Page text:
In 1939, the MATTIE'S charm attracted the attention of Captain Frank Swift of Camden, whose love of sailing and entrepreneurial spirit had guided him in the launch of the first windjammer passenger tour just a few years before. After chartering the MATTIE from Captain Shepard for two seasons, he purchased the vessel in 1940 and began her career as a passenger schooner.
Shepard, a close friend of Swift, stayed on as captain of the MATTIE for several years, becoming one of the most popular skippers in Swift's fleet. At the end of World War II, Swift added the 71-foot schooner Mercantile to the Maine Windjammer Cruises ® fleet along with the MATTIE, to his growing list of vessels. Swift's other vessels were the LYDIA M .WEBSTER, ANNIE F. KIMBALL, CLINTON, and LOIS M. CANDAGE. Together, they made up Maine Windjammer Cruises®.
Swift's business struggled through the early years, but the popularity of his sailing tours grew as passengers spread the word of their experiences. Camden's reputation as a destination grew as well, and tours aboard the town's growing fleet of windjammers became one of its most exciting attractions.
LIST OF MASTERS & OWNERS 1937-1977
[with additions to present] MASTERS 1937-1940 William F. Shepard, Deer Isle, ME
1941-1942 Parker J. Hall
1942-1954 Manley S. Grant, Stockton Springs, ME
1955-1956 Fremont J. Colton
1957-1960 Frank Swift, Camden, ME
1957-1960 Wynes Haskell, Deer Isle, ME
1957-1960 Montaford Haskell, Deer Isle, ME
1957-1960 Walter T. Hutchinson, Deer Isle, ME
1957-1960 Williamson E. Johnson
1961-1961 Jim Nisbet, Camden, ME
1962-1970 Fred C. Morey, Deer Isle, ME
1969-1969 Fred Johnson, Bailey Island, ME
1970-1970 Leslie E. Bex Jr., Camden, ME
1971-1974 Michael Anderson, Camden, ME
1975-1976 Paul DeOrsay, Camden, ME
1977-1988 Theodore C Schmidt, Camden, ME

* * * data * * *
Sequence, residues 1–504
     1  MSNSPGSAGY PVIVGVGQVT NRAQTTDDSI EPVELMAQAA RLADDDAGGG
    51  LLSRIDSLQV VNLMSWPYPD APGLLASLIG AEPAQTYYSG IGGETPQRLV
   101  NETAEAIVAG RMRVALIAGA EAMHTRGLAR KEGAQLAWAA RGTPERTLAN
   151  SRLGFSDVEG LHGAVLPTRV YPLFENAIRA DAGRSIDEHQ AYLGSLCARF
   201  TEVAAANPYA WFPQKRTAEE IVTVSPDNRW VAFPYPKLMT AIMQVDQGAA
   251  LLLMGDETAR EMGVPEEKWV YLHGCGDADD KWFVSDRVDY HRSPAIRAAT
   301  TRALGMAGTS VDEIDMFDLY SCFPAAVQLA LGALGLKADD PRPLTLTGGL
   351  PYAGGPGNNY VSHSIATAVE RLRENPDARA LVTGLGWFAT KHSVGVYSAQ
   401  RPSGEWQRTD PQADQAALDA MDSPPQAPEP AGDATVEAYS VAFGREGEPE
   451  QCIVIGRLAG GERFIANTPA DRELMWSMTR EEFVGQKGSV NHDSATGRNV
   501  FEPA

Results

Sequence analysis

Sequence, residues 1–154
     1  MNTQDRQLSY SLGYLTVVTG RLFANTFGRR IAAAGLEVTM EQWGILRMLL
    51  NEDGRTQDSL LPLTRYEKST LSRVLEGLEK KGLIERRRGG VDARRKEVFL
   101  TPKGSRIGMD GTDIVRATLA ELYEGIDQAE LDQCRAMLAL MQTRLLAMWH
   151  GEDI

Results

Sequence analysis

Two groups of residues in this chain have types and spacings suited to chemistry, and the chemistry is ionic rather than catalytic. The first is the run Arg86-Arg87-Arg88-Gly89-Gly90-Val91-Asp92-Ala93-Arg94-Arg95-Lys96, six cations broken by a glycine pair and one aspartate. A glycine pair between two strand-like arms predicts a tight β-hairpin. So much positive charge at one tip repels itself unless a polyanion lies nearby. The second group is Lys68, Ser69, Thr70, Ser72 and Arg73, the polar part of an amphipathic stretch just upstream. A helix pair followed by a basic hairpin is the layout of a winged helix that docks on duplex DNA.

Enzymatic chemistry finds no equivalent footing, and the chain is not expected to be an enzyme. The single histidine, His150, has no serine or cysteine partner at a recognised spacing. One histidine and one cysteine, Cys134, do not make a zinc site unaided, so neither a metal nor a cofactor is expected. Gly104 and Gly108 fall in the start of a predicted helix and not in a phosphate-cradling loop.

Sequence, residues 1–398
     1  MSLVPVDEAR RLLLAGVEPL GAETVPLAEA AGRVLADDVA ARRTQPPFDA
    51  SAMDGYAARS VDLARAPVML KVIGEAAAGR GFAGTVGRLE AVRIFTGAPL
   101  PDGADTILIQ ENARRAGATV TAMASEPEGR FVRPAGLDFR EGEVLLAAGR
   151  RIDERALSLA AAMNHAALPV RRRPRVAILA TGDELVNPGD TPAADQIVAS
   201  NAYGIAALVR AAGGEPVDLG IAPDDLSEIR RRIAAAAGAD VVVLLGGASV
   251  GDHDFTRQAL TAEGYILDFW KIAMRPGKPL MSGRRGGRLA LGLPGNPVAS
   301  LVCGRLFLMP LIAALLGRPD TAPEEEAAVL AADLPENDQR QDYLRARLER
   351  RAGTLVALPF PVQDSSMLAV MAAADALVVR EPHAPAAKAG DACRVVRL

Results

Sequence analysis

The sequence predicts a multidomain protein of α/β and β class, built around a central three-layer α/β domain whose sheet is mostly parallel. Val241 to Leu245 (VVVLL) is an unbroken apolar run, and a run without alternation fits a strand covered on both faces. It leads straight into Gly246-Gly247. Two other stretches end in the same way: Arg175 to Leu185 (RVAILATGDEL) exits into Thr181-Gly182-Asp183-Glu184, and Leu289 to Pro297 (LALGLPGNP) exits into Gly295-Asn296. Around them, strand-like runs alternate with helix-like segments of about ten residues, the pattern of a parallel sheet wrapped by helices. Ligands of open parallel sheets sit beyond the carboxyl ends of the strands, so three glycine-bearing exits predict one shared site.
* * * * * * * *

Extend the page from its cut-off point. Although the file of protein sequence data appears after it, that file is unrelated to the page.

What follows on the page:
1990— 2022 Ray Williamson, Camden, ME
1882-1906 Edwin Bailey: 1/8 Patchogue, NY
1882-1897 Seymour Ketcham: 1/8, 7/32 Patchogue, NY
1882-1919 John S Havens 1/16 Patchogue, NY
1882-1919 Nathaniel O Swetzey 1/16 Patchogue NY
1882-1894 Sidney Newoton 1/16 Patchogue NY
1882-1889 Archie Mills 1/32 Patchogue NY
1882-1907 Joseph S Howell 1/32 York River VA & Patchogue
1882-1894 Edgar Gilette 1/16 Bayport NY
1882-1907 William C Rogers 1/16 Bayport NY
1882-1890 Charles Z Howell 1/16 NYC & Patchogue NY
1882-1888 Josiah H Still 1/8 New York City
1882-1892 Joseph Mongey 1/16 New York City
1882-1900 Francis T Baker 1/16 New York City
1888-1897 John Decker 1/8 York River VA
1889-1892 Robert Mills 1/32 Patchogue NY
1890-1902 James Bell 1/16 Brooklyn NY
1894-1907 William A Arnold 1/16 Bayport NY
1894-1897 Messerau S Minor 1/32 Staten Island NY
1894-1897 George T Jones 1/32 Staten Island NY
1897-1919 Charles F Terry 13/32 to 11/16 Sayville NY
1906-1919 Martha B Bailey 1/8 Patchogue NY
1907-1919 Ambrose G Gillette 1/16 Bayport NY
1915-1919 Floyd G Terry 1/32 New Haven, CT
1919-1919 Louise B Terry 1/8 Sayville NY
1919-1937 Herbert L Black, South Brooksville ME
1937-1940 William F Shepard, Deer Isle, ME
1940-1961 Frank Swift, Camden, ME
1961-1969 Jim Nisbet, Camden, ME
1969-1985 Leslie E Bex, Jr., Camden, ME
1985-2022 Ray & Ann Williamson, Camden, ME
REGISTERED DIMENSIONS 1882-1906 Length: 72 feet Breadth: 23.5 feet Depth: 6 feet Gross Tonnage: 68.13 Net Tonnage: 64.73 (to 1899) Net Tonnage: 58.79 (1899-1906) SIM'S LIST OF MASTERS 1882-1937 1882-1897 Seymour Ketcham, Patchogue, NY
1897-1919 Charles F. Terry, Sayville, NY
1920-1937 Herbert L. Black, S Brooksville, ME
1920-1937 Guy Black, S Brooksville, ME
[Originally Researched and written by J.W. Sims in 1977 with added content by Capt. Ray and David Munson. Combined into a single, chronological narrative by Q. Donleavy ]
Upon completion of the rebuild, he had Martha rechristen the boat with her nickname - Mattie.
Some indication of her range can be ascertained from the fact that enrollment and registry documents were issued to her during this period at Patchogue, Fall River, New Haven, Providence, New York City, Baltimore, and Norfolk.